SARS-CoV-2 Specific Memory B Cells Frequency in Recovered Patient Remains Stable While Antibodies Decay over Time
The breadth of the humoral immune response following SARS-CoV-2 infection was indicated to be important for recovery from COVID-19. Recent studies have provided valuable insights regarding the dynamics of the antibody response in symptomatic COVID-19 patients. However, the information regarding the dynamics of the serological and cellular memory in COVID-19 recovered patients in scarce. It is imperative to determine the persistence of humoral memory in COVID-19 recovered patients as it will help to evaluate the susceptibility of recovered patients to re-infection. Here, we describe the dynamics of both the SARS-CoV-2 specific serological and B cell response in COVID-19 recovered patients.
We found that symptomatic SARS-CoV-2 patients mount a robust antibody response following infection however, the serological memory decays in recovered patients over the period of 6 months. On the other hand, the B cell response as observed in the SARS-CoV-2 specific memory B cell compartment, was found to be stable over time.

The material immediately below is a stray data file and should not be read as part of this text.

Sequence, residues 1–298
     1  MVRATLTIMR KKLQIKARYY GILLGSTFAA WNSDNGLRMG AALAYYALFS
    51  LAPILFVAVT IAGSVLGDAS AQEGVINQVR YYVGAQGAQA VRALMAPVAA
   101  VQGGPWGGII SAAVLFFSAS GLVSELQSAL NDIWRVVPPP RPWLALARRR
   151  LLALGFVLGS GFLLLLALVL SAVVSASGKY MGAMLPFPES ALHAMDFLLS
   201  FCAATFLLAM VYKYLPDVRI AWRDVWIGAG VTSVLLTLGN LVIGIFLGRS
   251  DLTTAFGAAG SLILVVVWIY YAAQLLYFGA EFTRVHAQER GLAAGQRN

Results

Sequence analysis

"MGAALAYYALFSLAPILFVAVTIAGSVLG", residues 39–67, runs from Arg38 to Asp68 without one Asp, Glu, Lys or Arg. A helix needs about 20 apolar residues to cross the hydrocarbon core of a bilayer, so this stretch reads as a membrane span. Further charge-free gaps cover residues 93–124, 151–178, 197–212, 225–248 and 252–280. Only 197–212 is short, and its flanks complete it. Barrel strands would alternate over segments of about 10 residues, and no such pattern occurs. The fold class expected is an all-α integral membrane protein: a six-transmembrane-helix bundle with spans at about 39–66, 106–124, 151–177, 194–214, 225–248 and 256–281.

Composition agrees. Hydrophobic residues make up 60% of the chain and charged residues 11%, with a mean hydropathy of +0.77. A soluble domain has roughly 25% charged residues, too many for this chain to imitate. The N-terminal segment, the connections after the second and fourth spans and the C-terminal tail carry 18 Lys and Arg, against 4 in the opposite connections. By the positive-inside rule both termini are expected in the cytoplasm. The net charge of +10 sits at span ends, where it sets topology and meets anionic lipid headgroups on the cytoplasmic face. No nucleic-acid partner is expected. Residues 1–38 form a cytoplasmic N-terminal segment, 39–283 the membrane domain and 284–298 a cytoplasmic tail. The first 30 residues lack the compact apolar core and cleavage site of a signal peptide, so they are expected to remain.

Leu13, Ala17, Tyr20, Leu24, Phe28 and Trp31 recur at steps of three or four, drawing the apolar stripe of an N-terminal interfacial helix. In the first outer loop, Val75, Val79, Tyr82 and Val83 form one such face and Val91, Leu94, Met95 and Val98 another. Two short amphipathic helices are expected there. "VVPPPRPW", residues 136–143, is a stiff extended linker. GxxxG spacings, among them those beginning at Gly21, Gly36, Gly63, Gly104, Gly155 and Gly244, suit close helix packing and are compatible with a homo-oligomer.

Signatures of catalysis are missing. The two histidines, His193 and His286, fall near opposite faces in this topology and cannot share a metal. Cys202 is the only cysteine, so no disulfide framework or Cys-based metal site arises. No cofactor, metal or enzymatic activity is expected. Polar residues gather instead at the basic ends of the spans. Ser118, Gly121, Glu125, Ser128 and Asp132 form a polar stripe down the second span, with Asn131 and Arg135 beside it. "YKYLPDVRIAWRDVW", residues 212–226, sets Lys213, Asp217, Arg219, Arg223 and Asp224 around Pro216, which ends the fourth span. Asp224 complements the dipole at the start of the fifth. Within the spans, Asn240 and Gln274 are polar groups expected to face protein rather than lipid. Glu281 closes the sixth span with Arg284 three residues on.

Moreover, the frequency of SARS-CoV-2 specific B cell plasmablasts was found to be associated with the SARS-CoV-2 specific antibody levels. These data, suggests that the differentiation of short-lived plasmablasts to become long-lived plasma cells is impaired and the main contributor of antibody production are the short-lived plasmablasts. Overall, our data provides insights regarding the humoral memory persistence in recovered COVID-19 patients.
Notwithstanding the insights from this study, it is still to be determined if the persistence of SARS-CoV-2 memory B cells can be considered as a correlate of protection in the absence of serological memory.